Review: one more Gallery Weekend recommendation by the Niche Berlin Team
Today is the perfect day to catch up on all the shows your missed during Gallery Weekend. One of our most experienced guides, Sandra Teitge, recommends Klara Hobza at Heike Tosun’s gallery Soy Capitán, which recently moved to a great new location in Kreuzberg:
“German artist Klara Hobza is ‘Diving through Europe’ (2010-35), from Rotterdam to the Black Sea. Like a nautical flaneur, Hobza observes sea life and sporadically comes across fellow sea voyageurs, like a container ship, an encounter that gave inspiration for the exhibition at Soy Capitán called ‘Der Totale Horror.’ Hobza escaped death only by a mere hair’s breadth. But she will continue her journey, mirroring her alleged main influence, semi-obsessive film director Werner Herzog.”
Soy Capitán, Prinzessinnenstr. 29, 10969 Berlin, Wed to Sat 12-6 pm
“Der Totale Horror” will be on view until June 8th.
And this is Sandra’s self portrait, which goes to show with how much creativity she tackles her Niche Berlin tours:
Gallery Weekend with the Niche Berlin Team, no. 4
Highly recommended by Niche co-founder Stefanie:
“Between all the things you will be able to SEE this weekend, there is one installation that you explicitly cannot see, just hear — and that will thus be ‘overlooked’ by numerous people, but is all the more worth to get some attention on this blog.
It is Ari Benjamin Meyers’ sound piece Chamber Music (vestibule) which opens tonight at 5 pm at Berlinische Galerie, curated by Christina Landbrecht, who is a former trainee at this museum. You will be able to hear it in the vestibule of the Berlinische, where it will be ‘trapped’ right between the two entrance doors, just like the term vestibule is trapped between two brackets in the title. This is also taken as a starting point for the invitation design, in which two empty brackets emphasize the invisibility of this sound piece. But it is not so inivisible after all:
Gallery Weekend with the Niche Berlin Team, no. 2
Ph.D. candidate at Humboldt University, guide for Niche Berlin and freelance curator – Christina Landbrecht is definitely gifted when it comes to time management. Last night she was at Thomas Fischer gallery: Dirk Braeckman is her recommendation for the Gallery Weekend.
“The Belgian photographer Dirk Braeckman is still an open secret. At least in Germany: In Belgium he’s quite a star. With his show at Thomas Fischer Gallery, there’s hope that this is due to change.
The interesting part about Braeckman’s photographs of surfaces, interiors, ornaments, people and landscapes is this: you’re literally drawn into them and at the same time you’re strangely repelled. That’s the mystery surrounding his works. The closer you get to decipher them the more disconcerted the act of viewing becomes. You start to feel that there’s something you’ll never quite understand about these images.
Dirk Braeckman, S.C.-G.E.-98, Courtesy the artist & Thomas Fischer gallery
GALLERY WEEKEND WITH THE NICHE BERLIN TEAM, NO. 3
Besides running the coolest among the newcomer art spaces in Berlin, Import Projects, with Nadim Samman, Anja is an excellent tour guide. She knows what’s going in the art world – and tonight she wants to go and see Jodie Carey!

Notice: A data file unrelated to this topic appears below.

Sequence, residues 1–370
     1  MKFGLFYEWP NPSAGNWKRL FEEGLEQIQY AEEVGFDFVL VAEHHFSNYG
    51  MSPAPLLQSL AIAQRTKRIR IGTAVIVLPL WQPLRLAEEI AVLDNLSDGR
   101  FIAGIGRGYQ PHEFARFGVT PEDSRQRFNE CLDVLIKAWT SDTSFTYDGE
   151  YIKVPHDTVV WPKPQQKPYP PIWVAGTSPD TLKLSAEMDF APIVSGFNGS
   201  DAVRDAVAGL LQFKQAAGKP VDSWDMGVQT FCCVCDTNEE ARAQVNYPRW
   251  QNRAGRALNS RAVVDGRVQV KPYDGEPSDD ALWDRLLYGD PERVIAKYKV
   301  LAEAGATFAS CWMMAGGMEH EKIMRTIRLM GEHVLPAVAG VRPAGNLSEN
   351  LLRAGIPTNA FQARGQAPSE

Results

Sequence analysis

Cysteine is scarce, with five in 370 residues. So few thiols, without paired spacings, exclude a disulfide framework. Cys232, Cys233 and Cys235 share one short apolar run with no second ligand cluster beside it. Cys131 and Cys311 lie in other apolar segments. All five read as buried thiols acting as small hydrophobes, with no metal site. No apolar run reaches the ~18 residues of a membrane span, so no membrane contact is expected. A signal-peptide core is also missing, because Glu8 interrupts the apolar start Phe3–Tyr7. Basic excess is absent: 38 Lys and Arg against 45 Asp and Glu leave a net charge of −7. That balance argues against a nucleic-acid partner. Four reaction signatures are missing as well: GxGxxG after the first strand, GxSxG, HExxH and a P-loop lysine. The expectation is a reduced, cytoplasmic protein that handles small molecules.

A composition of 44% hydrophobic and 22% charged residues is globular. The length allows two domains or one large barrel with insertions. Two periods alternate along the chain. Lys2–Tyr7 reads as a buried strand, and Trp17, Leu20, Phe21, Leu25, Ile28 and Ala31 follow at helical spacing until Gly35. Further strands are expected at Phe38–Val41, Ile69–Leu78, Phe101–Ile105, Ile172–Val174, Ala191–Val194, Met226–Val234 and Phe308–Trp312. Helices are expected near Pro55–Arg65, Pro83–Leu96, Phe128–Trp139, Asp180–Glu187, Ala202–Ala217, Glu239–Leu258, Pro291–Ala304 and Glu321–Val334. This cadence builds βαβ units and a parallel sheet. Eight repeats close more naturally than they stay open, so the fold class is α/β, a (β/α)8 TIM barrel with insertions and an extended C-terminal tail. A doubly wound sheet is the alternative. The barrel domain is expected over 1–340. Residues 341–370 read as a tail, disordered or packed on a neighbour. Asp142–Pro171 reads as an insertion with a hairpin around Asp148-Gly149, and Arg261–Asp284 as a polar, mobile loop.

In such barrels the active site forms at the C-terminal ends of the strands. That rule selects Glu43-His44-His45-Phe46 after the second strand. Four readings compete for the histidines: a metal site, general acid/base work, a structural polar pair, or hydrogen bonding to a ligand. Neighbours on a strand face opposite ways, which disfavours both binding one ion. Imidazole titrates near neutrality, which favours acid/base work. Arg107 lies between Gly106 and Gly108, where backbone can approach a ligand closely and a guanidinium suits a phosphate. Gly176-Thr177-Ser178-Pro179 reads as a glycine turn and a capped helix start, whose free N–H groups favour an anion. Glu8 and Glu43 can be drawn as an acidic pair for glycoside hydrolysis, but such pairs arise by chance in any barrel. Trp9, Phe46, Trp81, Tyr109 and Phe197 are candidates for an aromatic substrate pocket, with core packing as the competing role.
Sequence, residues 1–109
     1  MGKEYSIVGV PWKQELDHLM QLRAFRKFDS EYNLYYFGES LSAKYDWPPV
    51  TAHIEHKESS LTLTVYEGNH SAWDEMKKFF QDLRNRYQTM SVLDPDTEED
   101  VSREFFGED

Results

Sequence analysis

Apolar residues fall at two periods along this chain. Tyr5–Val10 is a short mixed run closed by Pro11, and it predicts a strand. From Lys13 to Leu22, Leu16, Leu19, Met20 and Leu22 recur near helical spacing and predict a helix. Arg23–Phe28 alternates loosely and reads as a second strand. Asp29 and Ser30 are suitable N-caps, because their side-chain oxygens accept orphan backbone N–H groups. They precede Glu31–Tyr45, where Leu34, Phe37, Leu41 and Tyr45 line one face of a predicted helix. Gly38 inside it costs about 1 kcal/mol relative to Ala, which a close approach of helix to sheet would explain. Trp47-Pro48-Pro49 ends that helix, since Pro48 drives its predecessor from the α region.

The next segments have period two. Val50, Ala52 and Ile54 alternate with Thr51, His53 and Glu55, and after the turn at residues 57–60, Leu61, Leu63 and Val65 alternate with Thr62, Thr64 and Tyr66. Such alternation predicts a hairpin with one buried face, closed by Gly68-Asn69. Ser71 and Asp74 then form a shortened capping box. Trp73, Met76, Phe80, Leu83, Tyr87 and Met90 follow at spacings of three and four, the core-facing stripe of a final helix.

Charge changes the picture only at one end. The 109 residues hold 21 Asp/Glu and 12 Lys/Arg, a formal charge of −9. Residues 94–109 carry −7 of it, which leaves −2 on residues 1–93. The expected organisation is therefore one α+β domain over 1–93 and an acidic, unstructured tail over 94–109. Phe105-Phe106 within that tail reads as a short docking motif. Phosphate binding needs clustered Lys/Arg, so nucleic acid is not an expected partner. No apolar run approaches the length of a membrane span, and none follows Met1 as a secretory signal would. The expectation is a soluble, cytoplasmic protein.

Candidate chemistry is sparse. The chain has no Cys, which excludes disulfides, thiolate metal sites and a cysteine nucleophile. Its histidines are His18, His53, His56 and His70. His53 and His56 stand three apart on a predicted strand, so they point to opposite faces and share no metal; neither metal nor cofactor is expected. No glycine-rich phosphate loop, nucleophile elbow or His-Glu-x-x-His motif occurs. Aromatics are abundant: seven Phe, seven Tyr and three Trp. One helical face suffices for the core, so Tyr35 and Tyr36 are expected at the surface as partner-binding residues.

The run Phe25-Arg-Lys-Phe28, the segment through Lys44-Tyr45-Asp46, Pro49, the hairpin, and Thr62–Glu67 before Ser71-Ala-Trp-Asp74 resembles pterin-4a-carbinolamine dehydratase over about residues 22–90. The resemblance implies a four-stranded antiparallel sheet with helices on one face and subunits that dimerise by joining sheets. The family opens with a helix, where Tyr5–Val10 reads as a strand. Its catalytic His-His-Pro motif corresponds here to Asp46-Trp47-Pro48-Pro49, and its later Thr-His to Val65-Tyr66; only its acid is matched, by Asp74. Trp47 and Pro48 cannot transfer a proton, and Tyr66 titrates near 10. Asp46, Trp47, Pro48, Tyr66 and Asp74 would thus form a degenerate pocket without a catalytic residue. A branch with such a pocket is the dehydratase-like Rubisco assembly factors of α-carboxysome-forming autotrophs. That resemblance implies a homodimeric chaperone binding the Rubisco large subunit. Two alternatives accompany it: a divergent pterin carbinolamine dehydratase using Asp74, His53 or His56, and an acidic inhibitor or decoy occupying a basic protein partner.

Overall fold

New series: Gallery Weekend with the Niche Berlin Team, no. I
Gallery Weekend is work and fun at the same time. Like everyone, we want to see as much as possible. But instead of just giving you our personal recommendations, we decided to yield the floor to our Niche Berlin Guides: We asked our team to share their personal highlights with you.
Despina Stokou, George B, 2013, 150 x 200cm, mixed material on canvas, Courtesy the artist and Krobath Wien/Berlin 2013
Christian writes: »The opening reception of the berlin-based greek artist Despina Stokou at Krobath is my top favourite recommendation at this year’s Gallery Weekend. Her collage-like, colourful, nearly variegated pictures, which mostly transmit some sort of a more or less personal message, on a textual level and not in a figurative or coded form, are, from my perspective, breathtakingly exciting. These paintings correspond to the many layers and stories of the artist-personality Despina Stokou. She is not only an artist, but a curator, editor, jack-of-all-trades and - other than most of the diverse participants of this vanity fair, she’s got a strong opinion and she speeks it out aloud, standing in for it. Doing that in berlin’s art-scene-circle, natural habitat of myriads of hypocrites and toadies, I owe her my respect.«
We couldn’t agree more.
Galerie Krobath, Marienstraße 10, Berlin - Mitte
Opening: Friday, April 26th, 2013, 4-9 pm
Foto: Laura Gianetti
Berlin has a new thing: Berlin Art Prize
Listen up, all you ambitious Berlin-based artists out there. If you felt like the “Macht Kunst!” KunstHalle campaign by Deutsche Bank wasn’t quite right for you, but you still wouldn’t mind a bit more fuzz about your work – we’ve got news for you! Berlin has a new art prize. An independent one. It’s called Berlin Art Prize, as simple as that, and you can still apply until May 1st.
From left to right: Zoe Claire Miller (artist), Sophie Jung (art historian), Alicia Reuter (art critic), Ulrich Wulff (artist). Credit: Peter Langer
The artists Zoe Claire Miller and Ulrich Wulff, the art historian Sophie Jung and the art critic Alicia Reuter felt like making a change in Berlin’s art world. Berlin has lots of art prizes, but none of them seemed to be reflecting the city’s potential, and none of them was really independent of bigger companies or institutions. So they thought of a system, set up a network of helpers and got together a jury, which will award prizes in three different categories, all without seeing the artist’s names, education or exhibition history. There will be an exhibition and a publication and probably the best thing about this is that you can win a two week mini residency in a private villa in Umbria, Italy. Without internet. With the other recipients. And with prize money.
Evolutionary art fiction